Friday, March 28, 2008
"I must break you."
"One day I may be meeting you and hearing how you've changed your life by saying 'Farewell to fat'".
Two years of sitting at a desk apparently is the catalyst for slowing down an impossibly overanxious metabolism. So, two years and 30 lbs. later I've taken a look in the mirror and realized that my natural six pack has vanished under a blanket of pale, soft fat. The only reason I've ever had to not take my shirt off in the summer is from being too skinny. Before I started my desk job, I was actually fairly fit and toned. Several factors probably led to my fall to softness, but most of them would only sound like excuses. Mind you, I am in no danger of being labeled obese. I am still 2% under the normal range of accepted body fat percentage for my age, height, and weight. But, the fat that is there is in that dreaded gut region. I've never had that, so it is kind of disheartening.
After spending the last two years swearing to myself (and everyone else) that I was going to finally get back into shape I'm still not there. The conversation has recently come up with two of my co-workers and we decided that an inter-office competition might be a good stimulus for getting our rears in gear (hey, I rhymed!). The deal? Each of us had to go to our gym and get our body compositions done, and then spend the next 12 weeks trying to affect our fat to muscle ratio. After the 12 weeks we will compare notes and the winner gets taken out to a very expensive reastaraunt by the two losers. Third place pays 75% of the bill, while second place picks up the remaining 25%.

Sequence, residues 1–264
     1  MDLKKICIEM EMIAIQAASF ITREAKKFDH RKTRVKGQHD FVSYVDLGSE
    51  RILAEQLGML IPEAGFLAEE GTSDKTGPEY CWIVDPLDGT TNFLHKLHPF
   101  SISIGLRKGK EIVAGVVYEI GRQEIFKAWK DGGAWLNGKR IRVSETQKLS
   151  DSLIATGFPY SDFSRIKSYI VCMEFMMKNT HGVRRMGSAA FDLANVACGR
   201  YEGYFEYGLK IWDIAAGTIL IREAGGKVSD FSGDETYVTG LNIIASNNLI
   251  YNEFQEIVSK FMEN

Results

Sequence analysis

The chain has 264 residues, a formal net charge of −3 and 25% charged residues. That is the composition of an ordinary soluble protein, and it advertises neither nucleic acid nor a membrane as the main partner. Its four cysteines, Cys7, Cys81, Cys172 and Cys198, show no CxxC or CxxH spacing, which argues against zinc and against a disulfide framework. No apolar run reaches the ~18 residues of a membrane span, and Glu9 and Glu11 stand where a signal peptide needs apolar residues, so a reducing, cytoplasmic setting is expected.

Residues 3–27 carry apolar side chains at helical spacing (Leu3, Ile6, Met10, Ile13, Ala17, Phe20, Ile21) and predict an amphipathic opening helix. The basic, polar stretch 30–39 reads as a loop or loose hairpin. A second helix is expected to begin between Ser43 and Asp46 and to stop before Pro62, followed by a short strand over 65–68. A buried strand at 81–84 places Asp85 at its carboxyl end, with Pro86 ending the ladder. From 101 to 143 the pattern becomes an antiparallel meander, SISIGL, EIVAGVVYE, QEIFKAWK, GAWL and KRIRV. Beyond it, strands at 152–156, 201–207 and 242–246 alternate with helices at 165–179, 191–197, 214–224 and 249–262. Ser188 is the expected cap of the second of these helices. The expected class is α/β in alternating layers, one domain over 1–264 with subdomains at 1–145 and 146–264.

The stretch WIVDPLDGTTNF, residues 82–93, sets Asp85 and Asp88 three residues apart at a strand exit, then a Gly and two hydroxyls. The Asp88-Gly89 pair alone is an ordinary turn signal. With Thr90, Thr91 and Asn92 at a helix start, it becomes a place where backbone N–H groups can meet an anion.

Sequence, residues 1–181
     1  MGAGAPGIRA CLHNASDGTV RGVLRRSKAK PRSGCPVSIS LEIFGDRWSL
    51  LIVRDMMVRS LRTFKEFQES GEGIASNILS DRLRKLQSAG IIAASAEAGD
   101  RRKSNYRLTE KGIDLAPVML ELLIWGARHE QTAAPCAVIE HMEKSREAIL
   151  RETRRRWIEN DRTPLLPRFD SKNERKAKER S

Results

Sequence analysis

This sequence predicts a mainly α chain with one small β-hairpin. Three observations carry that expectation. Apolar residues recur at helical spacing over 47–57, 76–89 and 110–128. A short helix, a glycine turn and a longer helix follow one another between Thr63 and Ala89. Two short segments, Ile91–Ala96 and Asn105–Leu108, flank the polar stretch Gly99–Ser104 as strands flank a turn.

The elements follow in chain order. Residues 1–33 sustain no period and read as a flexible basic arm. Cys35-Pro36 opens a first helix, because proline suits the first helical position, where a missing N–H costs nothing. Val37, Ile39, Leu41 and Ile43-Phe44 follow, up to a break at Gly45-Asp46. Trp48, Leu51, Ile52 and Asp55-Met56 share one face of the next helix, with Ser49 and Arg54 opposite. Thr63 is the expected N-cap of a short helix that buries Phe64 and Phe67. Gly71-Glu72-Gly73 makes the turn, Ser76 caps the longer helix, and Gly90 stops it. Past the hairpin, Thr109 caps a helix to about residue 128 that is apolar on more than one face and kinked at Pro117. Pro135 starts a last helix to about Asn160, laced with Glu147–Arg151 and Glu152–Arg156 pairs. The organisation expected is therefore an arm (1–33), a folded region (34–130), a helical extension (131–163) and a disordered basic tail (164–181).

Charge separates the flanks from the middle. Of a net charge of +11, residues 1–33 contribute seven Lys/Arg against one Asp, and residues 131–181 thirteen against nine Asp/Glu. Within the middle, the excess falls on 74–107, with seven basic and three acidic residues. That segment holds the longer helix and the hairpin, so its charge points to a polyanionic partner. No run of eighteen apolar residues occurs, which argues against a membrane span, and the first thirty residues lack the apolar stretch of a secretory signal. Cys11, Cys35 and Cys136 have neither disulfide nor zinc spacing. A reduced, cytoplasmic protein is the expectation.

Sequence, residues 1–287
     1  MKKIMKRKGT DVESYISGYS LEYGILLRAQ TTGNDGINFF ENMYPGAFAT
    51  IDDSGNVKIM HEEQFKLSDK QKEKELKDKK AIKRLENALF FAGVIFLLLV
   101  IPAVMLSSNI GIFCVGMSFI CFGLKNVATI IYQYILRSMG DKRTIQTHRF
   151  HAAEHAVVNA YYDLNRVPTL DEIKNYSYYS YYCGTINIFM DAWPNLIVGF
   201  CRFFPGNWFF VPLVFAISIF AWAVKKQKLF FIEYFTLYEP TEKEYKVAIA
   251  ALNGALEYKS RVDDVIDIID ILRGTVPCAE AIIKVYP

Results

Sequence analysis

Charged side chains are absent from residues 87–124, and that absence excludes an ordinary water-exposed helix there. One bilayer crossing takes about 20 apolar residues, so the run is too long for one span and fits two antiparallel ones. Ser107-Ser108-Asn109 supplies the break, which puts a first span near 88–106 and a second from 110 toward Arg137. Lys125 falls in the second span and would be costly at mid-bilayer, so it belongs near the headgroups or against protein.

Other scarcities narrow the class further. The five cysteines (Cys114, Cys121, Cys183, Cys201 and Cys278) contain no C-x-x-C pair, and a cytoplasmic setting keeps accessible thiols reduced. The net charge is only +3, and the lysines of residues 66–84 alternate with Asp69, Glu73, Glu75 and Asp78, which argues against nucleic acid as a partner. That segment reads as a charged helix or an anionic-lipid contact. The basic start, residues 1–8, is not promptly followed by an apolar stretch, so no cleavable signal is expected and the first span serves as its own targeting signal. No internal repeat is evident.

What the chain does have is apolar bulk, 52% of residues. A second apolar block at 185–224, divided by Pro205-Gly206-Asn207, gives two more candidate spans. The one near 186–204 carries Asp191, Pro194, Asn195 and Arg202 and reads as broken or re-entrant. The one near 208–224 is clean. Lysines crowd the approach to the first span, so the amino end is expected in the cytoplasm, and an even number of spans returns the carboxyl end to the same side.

I've already done my body composition (the others have not), and I have gone running 3 times this week already. This weekend I need to work on getting my diet in order and hitting the gym. Running is great, but it's not going to put on muscle. So, wish me luck dear readers. I've been in a good work out routine before, and I found it harder to not exercise than to exercise. And even though I know that, it's still hard to get back to that point.
The really sad reality here? In the end, it's wasn't my health that got me back into the work out thing. It was my wallet.